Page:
Is Pope Francis a Ticking Time Bomb?

| Bud Malby | March 19, 2013 | CCMT |

“Are you the one who is to come, or do we have to wait for someone else?”

That was a question posed to Jesus, as Matthew recorded it in his gospel, see the 11th chapter.

I suppose we could ask the same question of our new Pope Francis. How do you reckon he would respond?

I have a suspicion that Francis might point us in the same direction that Jesus did his questioners. Suppose Pope Francis responded, “I’m conservative, I admit that, but if you see the dead being brought to life again won’t that count for something?” I know a lot of spiritually dead people, in and out of the Catholic Church, who need life, and if push came to shove, I’d choose new life for them over doctrine.

Does that mean that suddenly clericalism becomes unimportant? Or that the status of women in the church goes to the back burner? Or that birth control and a host of issues related to sexuality no longer count? Or that the right of dissent, governed by an informed conscious, is relegated to wishful thinking? I could go on because there are stickier issues lurking on the fringes that haven’t been talked about since Vatican II. May I mention subjects like the status of Mary, and that maybe the teaching on Eucharist needs to evolve? I throw those into the mix just to point out that the list is basically endless.

Here’s what I’ve learned from a lifetime of living and observation. The closer a church lives the life of Jesus; the more all areas of disagreement are mitigated. And I have a classic example to illustrate what I mean.

Dorothy Day, one of the founders of The Catholic Worker Movement, was a strict doctrinal conservative. Dorothy did not like many of the changes brought about by Vatican II. She was completely happy in the Catholic piety of the 1930’s, and I doubt she ever adjusted to the changes made in the liturgy. It is clear, however, that her mission and that of The Catholic Worker, was not about enforcing conservative Catholic doctrine, but living the Gospel. Did you know, for instance, that some quite famous members, who would be listed in The Catholic Worker’s Hall-of-Fame (if they had such a thing), were atheists?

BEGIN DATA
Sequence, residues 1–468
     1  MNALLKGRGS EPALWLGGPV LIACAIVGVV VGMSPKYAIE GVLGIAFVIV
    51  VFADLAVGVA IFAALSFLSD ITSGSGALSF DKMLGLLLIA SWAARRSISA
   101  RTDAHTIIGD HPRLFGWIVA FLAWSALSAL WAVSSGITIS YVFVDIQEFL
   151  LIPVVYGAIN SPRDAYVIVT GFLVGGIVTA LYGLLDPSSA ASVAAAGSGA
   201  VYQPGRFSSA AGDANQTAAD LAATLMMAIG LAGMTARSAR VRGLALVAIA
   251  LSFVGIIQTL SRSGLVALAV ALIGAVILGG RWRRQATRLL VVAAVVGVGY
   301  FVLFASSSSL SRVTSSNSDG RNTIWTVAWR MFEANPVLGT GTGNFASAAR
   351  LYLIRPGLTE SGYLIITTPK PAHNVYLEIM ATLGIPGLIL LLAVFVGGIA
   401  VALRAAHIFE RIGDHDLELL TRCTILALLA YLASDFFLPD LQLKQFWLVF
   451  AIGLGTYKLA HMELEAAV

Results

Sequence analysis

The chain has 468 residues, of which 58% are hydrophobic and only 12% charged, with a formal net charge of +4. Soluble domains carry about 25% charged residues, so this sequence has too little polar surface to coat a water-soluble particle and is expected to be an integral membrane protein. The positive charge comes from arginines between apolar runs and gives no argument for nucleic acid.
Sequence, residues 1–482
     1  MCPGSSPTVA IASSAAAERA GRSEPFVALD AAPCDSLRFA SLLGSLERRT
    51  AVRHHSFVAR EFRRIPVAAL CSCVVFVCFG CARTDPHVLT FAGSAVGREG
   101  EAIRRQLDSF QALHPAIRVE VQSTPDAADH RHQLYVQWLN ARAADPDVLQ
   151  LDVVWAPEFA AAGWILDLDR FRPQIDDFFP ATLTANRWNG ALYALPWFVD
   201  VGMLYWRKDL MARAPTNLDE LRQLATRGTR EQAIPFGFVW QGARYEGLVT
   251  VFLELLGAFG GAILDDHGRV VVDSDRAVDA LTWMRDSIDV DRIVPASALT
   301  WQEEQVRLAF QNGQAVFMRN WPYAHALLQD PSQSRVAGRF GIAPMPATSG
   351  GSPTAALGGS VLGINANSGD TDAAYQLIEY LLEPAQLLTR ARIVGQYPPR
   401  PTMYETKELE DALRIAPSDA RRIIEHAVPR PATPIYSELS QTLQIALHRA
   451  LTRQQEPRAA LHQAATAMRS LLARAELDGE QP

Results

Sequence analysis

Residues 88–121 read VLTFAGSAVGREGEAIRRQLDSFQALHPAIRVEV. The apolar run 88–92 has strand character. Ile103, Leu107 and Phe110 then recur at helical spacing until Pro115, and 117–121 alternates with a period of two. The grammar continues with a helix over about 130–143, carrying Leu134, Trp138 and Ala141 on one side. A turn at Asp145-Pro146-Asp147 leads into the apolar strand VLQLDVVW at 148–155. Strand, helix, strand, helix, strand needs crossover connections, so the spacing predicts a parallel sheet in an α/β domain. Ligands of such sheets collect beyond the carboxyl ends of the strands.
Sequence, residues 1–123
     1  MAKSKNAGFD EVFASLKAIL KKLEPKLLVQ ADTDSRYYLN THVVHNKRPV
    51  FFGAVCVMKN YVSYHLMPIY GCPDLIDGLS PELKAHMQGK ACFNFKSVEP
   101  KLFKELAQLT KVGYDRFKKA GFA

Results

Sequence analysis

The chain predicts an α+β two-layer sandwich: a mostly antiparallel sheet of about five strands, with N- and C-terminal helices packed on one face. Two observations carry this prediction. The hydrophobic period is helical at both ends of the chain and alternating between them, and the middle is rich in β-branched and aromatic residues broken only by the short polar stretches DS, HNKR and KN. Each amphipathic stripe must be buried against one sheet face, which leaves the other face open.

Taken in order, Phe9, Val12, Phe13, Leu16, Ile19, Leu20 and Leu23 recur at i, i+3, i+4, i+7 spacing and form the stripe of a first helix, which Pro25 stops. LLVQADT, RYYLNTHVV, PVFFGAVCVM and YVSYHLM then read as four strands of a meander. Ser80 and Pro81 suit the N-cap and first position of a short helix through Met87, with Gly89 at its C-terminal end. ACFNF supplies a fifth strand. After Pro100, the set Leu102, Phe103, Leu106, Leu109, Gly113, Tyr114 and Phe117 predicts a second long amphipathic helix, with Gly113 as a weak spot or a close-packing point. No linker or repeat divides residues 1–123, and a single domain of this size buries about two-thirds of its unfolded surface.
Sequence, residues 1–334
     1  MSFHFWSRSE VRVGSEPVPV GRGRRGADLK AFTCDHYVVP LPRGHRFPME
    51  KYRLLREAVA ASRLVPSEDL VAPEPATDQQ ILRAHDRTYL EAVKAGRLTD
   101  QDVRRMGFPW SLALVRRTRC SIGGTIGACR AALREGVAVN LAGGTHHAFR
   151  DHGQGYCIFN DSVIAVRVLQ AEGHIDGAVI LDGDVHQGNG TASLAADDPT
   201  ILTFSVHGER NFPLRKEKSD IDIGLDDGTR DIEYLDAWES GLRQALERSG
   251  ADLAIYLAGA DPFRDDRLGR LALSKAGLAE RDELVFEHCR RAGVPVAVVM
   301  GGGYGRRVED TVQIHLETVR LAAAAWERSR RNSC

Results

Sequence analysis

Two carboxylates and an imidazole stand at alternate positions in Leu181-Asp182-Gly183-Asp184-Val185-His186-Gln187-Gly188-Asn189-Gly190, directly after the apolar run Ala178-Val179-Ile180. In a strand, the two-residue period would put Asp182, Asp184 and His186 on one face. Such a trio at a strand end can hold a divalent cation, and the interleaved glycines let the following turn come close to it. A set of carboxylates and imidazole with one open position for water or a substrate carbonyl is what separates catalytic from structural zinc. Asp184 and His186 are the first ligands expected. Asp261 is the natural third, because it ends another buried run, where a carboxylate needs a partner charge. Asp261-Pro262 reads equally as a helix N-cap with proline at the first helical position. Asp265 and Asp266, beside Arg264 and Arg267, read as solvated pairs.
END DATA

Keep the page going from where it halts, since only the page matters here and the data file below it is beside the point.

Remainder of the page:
You or I, progressive or conservative, would fit right in working under Dorothy Day. Why? Because living a life of feeding the hungry, championing the poor and demonstrating against injustice – living the gospel – also moves us to a position of following the teachings of Jesus about forgiveness and acceptance. Living the Gospel, instead of talking about it, is our common meeting ground. Where it goes from there I don’t know, because the environment or atmosphere of doing that has only been present in my church experience fleetingly. If the new pope can set the entire Church on that path it would be a monumental miracle. And I believe in such a culture, or nursery if that’s not too corny of a word, our differences would be accepted or dealt with.

For once the age factor works in our favor. Pope Francis will be seventy-seven in December. The clock is ticking, and just as those of us between seventy and eighty know when we look at our prescription medicine bottles each morning, time is not on our side, or Francis’ side. His actions thus far, and the words attributed to him, say to me that he’s a man on a mission, and if he wants to complete that mission he knows he has to act – now.

For this reason, I make this prediction, based on a mighty big, IF. If Pope Francis knows the only real way to right the church is by setting her on a path of actually living the Gospel, then he will do that soon! As a result we may not have long to wait to see what direction this papacy is headed. For once we may be in a position of just hanging on tight, a wait and see where the leaky old boat called Catholicism takes us.

With all of this in mind, I repeat the opening question, only this time dropping it squarely in Pope Francis’ lap:

“Are you the one who is to come, or do we have to wait for someone else?”

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One Response to Is Pope Francis a Ticking Time Bomb?

  1. Lois Olmstead says:

    Well done article. I only wish the author could have given a couple of examples of churches who are living the gospel. Dorothy Day had to step out of her church to do it. Lois Olmstead

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